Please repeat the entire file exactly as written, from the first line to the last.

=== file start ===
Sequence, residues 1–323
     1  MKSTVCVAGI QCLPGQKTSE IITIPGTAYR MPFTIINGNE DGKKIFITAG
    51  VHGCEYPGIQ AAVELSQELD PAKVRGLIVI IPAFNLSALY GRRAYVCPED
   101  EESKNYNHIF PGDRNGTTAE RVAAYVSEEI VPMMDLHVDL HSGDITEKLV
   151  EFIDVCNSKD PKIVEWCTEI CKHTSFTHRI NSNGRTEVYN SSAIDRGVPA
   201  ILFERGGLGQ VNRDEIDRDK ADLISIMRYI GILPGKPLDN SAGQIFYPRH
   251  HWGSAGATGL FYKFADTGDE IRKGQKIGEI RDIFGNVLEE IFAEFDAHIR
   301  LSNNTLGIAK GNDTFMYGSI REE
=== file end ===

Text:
Sequence, residues 1–323
     1  MKSTVCVAGI QCLPGQKTSE IITIPGTAYR MPFTIINGNE DGKKIFITAG
    51  VHGCEYPGIQ AAVELSQELD PAKVRGLIVI IPAFNLSALY GRRAYVCPED
   101  EESKNYNHIF PGDRNGTTAE RVAAYVSEEI VPMMDLHVDL HSGDITEKLV
   151  EFIDVCNSKD PKIVEWCTEI CKHTSFTHRI NSNGRTEVYN SSAIDRGVPA
   201  ILFERGGLGQ VNRDEIDRDK ADLISIMRYI GILPGKPLDN SAGQIFYPRH
   251  HWGSAGATGL FYKFADTGDE IRKGQKIGEI RDIFGNVLEE IFAEFDAHIR
   301  LSNNTLGIAK GNDTFMYGSI REE